Three U.S. Army Special Forces soldiers were killed and two were wounded in Niger on Wednesday, in an ambush by suspected Islamic militants operating from Mali, multiple sources with knowledge of the incident told NBC News.
According to the sources, one soldier form Niger was also killed in the attack.
The U.S. military did not confirm the deaths officially, but did acknowledge that a "hostile fire" incident involving U.S. troops had occurred.
"We are working to confirm details of the incident and will have more information as soon as we can confirm facts on the ground," said a spokesperson for Africa Command, or AFRICOM. The military generally does not confirm nor identify American casualties until it has ensured that the deceased's family members have been properly notified.
White House Press Secretary Sarah Huckabee Sanders told reporters Wednesday night that Gen. John Kelly had briefed President Donald Trump on the incident.
The deaths throw a spotlight on one of the many military operations being conducted in Africa as part of a wide-ranging war on a variety of extremist groups, in a swathe of countries stretching across the continent. According to the French radio broadcaster RFI, a joint Nigerien-American patrol was ambushed near the village of Tongo Tongo, approximately 17 miles from the border with Mali.
"U.S. Forces are in Niger to provide training and security assistance to the Nigerien Armed Forces, including support for intelligence, surveillance and reconnaissance (ISR) efforts, in their efforts to target violent extremist organizations in the region," said U.S. Navy Lt. Cdr. Anthony Falvo, in a statement released to NBC News. "One aspect of that is training, advising and assisting the Nigeriens in order to increase their ability to bring stability and security to their people."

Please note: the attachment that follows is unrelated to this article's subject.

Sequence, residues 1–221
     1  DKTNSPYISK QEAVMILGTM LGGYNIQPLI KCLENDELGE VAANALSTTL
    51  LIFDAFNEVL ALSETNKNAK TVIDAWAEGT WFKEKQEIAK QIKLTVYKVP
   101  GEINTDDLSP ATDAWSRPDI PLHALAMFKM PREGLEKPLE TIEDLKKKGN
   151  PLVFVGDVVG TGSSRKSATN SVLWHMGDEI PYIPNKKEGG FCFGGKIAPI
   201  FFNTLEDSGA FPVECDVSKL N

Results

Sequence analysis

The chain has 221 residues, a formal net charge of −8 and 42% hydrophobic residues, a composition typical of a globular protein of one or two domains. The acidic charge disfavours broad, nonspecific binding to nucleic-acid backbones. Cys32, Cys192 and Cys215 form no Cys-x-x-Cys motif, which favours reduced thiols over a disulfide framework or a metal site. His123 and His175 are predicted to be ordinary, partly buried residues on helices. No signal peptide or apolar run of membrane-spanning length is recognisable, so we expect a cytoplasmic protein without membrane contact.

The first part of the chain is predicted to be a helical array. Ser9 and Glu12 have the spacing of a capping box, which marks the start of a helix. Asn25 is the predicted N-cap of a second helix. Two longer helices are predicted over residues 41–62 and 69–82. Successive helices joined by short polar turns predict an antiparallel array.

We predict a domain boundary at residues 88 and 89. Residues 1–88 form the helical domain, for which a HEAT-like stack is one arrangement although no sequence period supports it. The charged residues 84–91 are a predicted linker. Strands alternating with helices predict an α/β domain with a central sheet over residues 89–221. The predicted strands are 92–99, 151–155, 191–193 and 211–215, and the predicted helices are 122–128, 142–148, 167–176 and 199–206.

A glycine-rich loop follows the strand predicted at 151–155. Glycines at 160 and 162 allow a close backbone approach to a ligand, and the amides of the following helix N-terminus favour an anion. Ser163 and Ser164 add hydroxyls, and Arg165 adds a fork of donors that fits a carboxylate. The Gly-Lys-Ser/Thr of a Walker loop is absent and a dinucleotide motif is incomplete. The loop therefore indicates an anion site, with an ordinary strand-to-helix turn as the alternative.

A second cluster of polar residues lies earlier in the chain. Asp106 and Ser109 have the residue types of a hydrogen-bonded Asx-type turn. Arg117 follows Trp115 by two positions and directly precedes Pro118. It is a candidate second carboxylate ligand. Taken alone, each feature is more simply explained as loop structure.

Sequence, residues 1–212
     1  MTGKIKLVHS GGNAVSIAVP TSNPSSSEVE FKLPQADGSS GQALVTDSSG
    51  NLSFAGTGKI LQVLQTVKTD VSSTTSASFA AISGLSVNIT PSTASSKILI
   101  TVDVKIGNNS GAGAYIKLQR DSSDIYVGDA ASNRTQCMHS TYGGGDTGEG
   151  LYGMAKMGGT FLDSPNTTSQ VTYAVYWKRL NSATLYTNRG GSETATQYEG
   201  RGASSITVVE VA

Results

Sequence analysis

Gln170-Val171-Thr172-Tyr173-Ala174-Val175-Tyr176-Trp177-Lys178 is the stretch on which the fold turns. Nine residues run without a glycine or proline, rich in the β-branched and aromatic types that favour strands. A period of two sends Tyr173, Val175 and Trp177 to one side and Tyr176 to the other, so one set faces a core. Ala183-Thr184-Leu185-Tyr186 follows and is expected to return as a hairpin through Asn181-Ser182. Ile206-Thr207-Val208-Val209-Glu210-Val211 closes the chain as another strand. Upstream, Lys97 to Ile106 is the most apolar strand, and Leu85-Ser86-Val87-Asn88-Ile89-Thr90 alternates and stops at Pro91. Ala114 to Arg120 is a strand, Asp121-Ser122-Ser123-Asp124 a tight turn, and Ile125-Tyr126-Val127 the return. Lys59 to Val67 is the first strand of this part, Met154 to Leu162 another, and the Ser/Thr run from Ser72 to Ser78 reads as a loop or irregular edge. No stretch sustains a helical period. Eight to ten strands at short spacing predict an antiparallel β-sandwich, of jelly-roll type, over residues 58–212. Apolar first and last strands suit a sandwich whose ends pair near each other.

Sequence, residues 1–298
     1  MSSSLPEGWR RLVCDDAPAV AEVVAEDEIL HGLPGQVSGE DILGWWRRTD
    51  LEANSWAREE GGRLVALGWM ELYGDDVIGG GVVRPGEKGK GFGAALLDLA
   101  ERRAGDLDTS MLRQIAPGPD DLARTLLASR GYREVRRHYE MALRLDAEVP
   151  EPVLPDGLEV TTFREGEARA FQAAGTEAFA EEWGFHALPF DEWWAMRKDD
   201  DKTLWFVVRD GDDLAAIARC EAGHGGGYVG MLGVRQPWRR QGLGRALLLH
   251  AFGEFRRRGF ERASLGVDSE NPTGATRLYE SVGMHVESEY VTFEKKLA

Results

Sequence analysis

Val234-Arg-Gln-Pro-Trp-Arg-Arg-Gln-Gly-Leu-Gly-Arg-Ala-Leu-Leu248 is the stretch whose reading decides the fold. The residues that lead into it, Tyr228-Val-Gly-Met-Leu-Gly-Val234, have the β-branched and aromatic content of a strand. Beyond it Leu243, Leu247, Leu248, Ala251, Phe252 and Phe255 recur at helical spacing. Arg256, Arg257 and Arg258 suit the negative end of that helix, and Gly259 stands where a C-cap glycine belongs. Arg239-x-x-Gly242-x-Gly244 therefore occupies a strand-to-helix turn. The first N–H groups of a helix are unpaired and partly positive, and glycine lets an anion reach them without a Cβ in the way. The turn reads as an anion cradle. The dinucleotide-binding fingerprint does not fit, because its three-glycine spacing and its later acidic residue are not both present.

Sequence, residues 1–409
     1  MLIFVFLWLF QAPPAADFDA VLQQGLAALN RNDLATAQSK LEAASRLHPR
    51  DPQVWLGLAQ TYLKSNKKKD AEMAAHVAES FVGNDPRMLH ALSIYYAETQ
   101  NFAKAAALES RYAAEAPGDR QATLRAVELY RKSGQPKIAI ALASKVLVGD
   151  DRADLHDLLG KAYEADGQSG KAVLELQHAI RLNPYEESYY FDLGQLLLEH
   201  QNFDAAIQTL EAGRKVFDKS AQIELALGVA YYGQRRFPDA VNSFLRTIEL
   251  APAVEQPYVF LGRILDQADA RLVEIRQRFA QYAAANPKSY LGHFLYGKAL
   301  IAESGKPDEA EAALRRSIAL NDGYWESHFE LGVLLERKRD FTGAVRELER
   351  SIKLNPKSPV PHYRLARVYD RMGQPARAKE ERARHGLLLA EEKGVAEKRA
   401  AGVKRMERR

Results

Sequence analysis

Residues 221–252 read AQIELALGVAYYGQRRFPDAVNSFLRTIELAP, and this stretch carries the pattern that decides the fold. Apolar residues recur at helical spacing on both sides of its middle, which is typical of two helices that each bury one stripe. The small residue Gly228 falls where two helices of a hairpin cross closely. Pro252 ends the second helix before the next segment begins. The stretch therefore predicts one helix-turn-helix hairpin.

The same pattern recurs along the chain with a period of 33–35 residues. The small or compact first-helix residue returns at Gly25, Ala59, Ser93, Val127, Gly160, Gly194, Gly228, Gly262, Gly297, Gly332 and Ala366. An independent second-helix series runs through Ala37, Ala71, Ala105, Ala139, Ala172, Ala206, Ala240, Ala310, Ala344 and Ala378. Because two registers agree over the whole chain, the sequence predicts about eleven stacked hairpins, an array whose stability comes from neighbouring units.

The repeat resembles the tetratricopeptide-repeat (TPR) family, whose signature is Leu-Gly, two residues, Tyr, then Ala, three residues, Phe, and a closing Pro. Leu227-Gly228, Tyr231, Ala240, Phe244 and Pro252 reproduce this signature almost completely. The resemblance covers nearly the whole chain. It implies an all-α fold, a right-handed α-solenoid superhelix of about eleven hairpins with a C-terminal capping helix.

A senior military official described it as a "partner training mission."
Northern Mali has been the scene of a complex conflict between multiple Islamist militant groups, including Al Qaeda in the Islamic Maghreb (or AQIM), a secular insurgency backed by the Tuareg ethnic minority group, and government forces backed by the West, primarily France.
If the reports about the location of the casualties are correct, it would indicate a coordinated attack undertaken from territory most recently under the control of the Movement for Oneness and Jihad in West Africa, known by its French acronym, MUJAO.
Although the United States is known to operate a drone base in Niger and also has forces assigned to counter-Boko Haram operations in the east of the country, this is the first known incident in which American forces have been killed in combat with Mali-based militants.
Much of the American military involvement in Africa is conducted by U.S. Army Special Forces — also known as Green Berets — who work with local militaries in an effort to professionalize their forces under programs dubbed "advise and assist" by the Pentagon.